[2] See, e.g., Prosecutor v. Miroslav Kvočka et al., Case No. IT-98-30/1-A, Judgement, 28 February 2005, para. 659 (“The Appeals Chamber considers that the Trial Chamber was entitled to exercise discretion in its assessment of evidence presented by all parties to the case, in accordance with the relevant Rules of Procedure and Evidence. Whether all of the Defence or Prosecution witnesses were credible was a matter for the Trial Chamber to decide.”)

[3] Rule 91(F) of the Rules stipulates that “[n]o Judge who sat as a member of the Trial Chamber before which the witness appeared shall sit for the trial of the witness for false testimony.”

[4] Rutaganda Decision, para. 28. The Appeals Chamber further recalls that contempt proceedings have, on a number of occasions, been instituted contemporaneously with the trial in which such contempt was alleged to have arisen. See, e.g., Prosecutor v. Slobodan Milošević, Contempt Proceedings Against Kosta Bulatović, Case No. IT-02-54-R77.4, Decision on Contempt of the Tribunal, 13 May 2005; Contempt Proceedings Against Dragan Jokić, Case No. IT-05-88-R77.1-A, Judgement on Allegations of Contempt, 25 June 2009 (arising from Prosecutor v. Vujadin Popović et al., Case No. IT-05-88-T, proceedings which are ongoing).

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Appeal Judgement - 14.12.2015 NYIRAMASUHUKO et al. (Butare)
(ICTR-98-42-A)

295. It is not disputed by the parties that nothing in the Statute or the Rules imposes the mandatory communication to the parties to the main proceedings of an amicus curiae report requested pursuant to Rules 77(C)(ii) or 91(B)(ii) of the Rules.[1] The decision to communicate an amicus curiae report filed before the trial chamber pursuant to Rules 77 or 91 of the Rules to the parties of the main proceedings therefore falls within the discretion of the trial chamber. This discretion must be exercised consistently with Articles 19 and 20 of the Statute, which require trial chambers to ensure that trials are fair and expeditious.[2] […]

[…]

300. Mindful that the decision to communicate to the parties of the main proceedings an amicus curiae report filed pursuant to Rules 77 or 91 of the Rules falls within the discretion of the relevant chamber and that there may be instances where the communication of such reports is not in the interests of justice, the Appeals Chamber fails to understand why, in this case, the Trial Chamber decided to deprive the parties of information that might have been relevant to their cases in the absence of any circumstances that may have justified its non-communication. The Appeals Chamber therefore finds that the Trial Chamber’s decision not to communicate the Second Amicus Curiae Reports to the parties before the delivery of the Trial Judgement was unreasonable and constituted an abuse of the Trial Chamber’s discretion.[3]

[1] Both Rules 77(C)(ii) and 91(B)(ii) of the Rules state that the appointed amicus curiae is to “report back to the Chamber as to whether there are sufficient grounds for instigating” contempt or false testimony proceedings.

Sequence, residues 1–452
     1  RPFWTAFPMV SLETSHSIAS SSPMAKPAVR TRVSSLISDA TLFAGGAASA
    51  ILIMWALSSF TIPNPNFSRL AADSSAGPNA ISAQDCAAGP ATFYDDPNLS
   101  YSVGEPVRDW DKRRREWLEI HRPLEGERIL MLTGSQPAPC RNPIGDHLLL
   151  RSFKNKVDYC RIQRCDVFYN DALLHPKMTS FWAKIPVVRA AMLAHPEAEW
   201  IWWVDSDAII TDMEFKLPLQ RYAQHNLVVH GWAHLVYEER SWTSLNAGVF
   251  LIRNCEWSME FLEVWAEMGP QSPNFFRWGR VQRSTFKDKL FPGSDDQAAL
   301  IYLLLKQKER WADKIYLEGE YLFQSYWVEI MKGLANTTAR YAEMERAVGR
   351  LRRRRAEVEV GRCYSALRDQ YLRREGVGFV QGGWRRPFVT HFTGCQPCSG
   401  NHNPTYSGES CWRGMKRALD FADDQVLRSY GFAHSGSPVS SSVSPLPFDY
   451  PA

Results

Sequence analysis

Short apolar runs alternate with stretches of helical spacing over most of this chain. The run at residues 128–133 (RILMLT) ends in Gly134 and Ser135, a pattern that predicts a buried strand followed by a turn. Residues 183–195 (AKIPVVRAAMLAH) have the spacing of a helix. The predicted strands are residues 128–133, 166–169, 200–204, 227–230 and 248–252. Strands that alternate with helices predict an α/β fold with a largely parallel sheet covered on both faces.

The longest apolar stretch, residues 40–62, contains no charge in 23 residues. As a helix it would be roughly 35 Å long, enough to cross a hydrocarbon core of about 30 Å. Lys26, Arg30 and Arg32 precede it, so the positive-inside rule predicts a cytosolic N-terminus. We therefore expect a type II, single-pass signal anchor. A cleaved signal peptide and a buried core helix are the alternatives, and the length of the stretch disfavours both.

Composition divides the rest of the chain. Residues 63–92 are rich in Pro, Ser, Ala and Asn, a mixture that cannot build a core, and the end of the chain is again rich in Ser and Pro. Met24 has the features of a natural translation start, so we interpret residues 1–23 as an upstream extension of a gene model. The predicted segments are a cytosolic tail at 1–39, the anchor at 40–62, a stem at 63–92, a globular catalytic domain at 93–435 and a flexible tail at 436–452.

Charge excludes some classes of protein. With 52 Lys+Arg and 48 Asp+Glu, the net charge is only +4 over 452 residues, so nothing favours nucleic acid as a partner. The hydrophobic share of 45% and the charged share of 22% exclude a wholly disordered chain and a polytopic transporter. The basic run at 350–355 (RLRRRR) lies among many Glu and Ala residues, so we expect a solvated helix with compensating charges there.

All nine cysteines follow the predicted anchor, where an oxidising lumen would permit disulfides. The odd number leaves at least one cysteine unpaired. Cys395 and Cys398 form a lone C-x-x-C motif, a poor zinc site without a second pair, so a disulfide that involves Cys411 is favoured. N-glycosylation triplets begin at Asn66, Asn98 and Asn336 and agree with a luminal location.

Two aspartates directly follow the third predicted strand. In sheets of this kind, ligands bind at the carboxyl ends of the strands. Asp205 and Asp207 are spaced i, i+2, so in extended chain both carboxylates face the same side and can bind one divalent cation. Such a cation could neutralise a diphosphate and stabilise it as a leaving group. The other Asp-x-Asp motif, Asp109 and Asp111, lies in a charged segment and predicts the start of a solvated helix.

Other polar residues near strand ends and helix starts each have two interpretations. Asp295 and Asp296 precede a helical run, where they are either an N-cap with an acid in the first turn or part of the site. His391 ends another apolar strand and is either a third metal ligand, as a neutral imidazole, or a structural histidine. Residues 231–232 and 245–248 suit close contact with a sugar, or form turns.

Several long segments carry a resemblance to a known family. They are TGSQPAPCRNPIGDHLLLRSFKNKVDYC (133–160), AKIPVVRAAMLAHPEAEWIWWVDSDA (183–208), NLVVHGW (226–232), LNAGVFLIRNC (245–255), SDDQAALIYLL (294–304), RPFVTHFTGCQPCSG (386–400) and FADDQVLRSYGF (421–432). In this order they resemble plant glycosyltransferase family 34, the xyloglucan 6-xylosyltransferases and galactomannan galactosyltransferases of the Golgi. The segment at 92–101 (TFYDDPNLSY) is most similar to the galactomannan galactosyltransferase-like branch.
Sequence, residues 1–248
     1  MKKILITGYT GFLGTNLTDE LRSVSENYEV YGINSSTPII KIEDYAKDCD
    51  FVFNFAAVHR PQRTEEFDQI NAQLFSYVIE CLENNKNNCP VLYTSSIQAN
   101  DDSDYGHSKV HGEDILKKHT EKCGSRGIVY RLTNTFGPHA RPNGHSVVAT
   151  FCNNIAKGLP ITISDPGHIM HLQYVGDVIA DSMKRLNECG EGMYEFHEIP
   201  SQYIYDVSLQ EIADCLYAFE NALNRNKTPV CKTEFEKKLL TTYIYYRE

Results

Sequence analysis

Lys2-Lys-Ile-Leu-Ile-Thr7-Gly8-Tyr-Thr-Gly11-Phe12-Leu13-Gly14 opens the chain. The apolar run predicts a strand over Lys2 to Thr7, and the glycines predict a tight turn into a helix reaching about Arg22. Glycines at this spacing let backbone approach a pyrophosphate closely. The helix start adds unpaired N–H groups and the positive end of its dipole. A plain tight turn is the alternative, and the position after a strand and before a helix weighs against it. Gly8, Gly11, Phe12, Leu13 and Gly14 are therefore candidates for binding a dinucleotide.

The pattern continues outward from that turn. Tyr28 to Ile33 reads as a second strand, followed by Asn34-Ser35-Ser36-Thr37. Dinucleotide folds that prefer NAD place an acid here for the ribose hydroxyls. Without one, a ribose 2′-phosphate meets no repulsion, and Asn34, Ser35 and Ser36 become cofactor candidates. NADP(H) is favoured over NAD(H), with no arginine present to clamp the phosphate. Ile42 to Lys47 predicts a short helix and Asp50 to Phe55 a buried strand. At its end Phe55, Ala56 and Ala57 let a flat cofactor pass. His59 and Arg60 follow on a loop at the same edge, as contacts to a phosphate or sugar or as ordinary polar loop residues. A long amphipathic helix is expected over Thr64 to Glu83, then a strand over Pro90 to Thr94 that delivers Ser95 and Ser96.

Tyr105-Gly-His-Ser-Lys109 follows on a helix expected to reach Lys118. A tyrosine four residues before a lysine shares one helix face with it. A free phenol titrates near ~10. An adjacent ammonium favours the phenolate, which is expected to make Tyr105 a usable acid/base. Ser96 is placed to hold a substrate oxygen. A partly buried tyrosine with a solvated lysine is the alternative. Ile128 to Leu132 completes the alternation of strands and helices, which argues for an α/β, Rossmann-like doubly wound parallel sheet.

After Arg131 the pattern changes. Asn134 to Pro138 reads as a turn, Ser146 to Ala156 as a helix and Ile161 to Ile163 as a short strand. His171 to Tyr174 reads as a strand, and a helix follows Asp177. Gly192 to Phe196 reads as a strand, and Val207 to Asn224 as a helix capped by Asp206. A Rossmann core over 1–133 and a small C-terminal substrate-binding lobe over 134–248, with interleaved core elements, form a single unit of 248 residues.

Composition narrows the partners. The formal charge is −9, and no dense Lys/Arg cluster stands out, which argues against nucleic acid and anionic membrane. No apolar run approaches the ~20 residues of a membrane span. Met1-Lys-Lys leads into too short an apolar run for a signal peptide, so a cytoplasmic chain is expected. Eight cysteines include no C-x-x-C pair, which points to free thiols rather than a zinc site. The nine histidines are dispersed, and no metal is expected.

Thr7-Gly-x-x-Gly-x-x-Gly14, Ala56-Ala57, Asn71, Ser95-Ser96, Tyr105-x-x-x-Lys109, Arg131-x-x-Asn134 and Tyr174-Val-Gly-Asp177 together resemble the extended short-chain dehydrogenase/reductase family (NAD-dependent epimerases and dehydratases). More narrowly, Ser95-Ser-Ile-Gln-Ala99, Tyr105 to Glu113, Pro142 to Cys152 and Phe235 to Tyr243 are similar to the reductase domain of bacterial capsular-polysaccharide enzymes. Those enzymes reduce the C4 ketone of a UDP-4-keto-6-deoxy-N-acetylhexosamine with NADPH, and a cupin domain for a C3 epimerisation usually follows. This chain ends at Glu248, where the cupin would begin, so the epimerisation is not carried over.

[2] See, e.g., Nizeyimana Appeal Judgement, para. 286; Ndahimana Appeal Judgement, para. 14; Setako Appeal Judgement, para. 19.

[3] In light of this outcome, the Appeals Chamber finds it unecessary to considers Nyiramasuhuko’s and Ntahobali’s contention that the Trial Chamber erred in stating in the Trial Judgement that the investigations against Witnesses QA, QY, and SJ were “on-going”.

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ICTR Rule Rule 77(C)(ii);
Rule 91(B)(ii)
ICTY Rule Rule 77(C)(ii);
Rule 91(B)(ii)
Notion(s) Filing Case
Appeal Judgement - 14.12.2015 NYIRAMASUHUKO et al. (Butare)
(ICTR-98-42-A)

331. Likewise, the Appeals Chamber finds no merit in Nyiramasuhuko’s and Ntahobali’s argument that the fact that the witnesses lied required that their testimonies be excluded. In support of this claim, Ntahobali refers to national jurisprudence.[1] However, the Appeals Chamber highlights that Rule 89(A) of the Rules specifically provides that the Tribunal is not bound by national rules of evidence,[2] and recalls that decisions on the admission or exclusion of evidence fall within the trial chambers’ discretion.[3] […]

[1] See Ntahobali Appeal Brief, para. 822 and references cited therein.

[2] See also Simba Appeal Judgement, para. 38; Akayesu Appeal Judgement, fn. 577.

[3] See Gaspard Kanyarukiga v. The Prosecutor, Case No. ICTR-02-78-AR73.2, Decision on Gaspard Kanyarukiga’s Interlocutory Appeal of a Decision on the Exclusion of Evidence, 23 March 2010 (“Kanyarukiga Appeal Decision”), para. 7; Prosecutor v. Jadranko Prliæ et al., Case No. IT-04-74-AR73.13, Decision on Jadranko Prlić Consolidated Interlocutory Appeal Against the Trial Chamber’s Orders of 6 and 9 October 2008 on Admission of Evidence, 12 January 2009 (“Prliæ et al. Appeal Decision”), para. 15; The Prosecutor v. Arsène Shalom Ntahobali and Pauline Nyiramasuhuko, Case No. ICTR-97-21-AR73, Decision on “Appeal of Accused Arsène Shalom Ntahobali Against the Decision on Kanyabashi’s Oral Motion to Cross-Examine Ntahobali Using Ntahobali’s Statements to Prosecution Investigators in July 1997”, 27 October 2006 (“27 October 2006 Decision”), para. 10.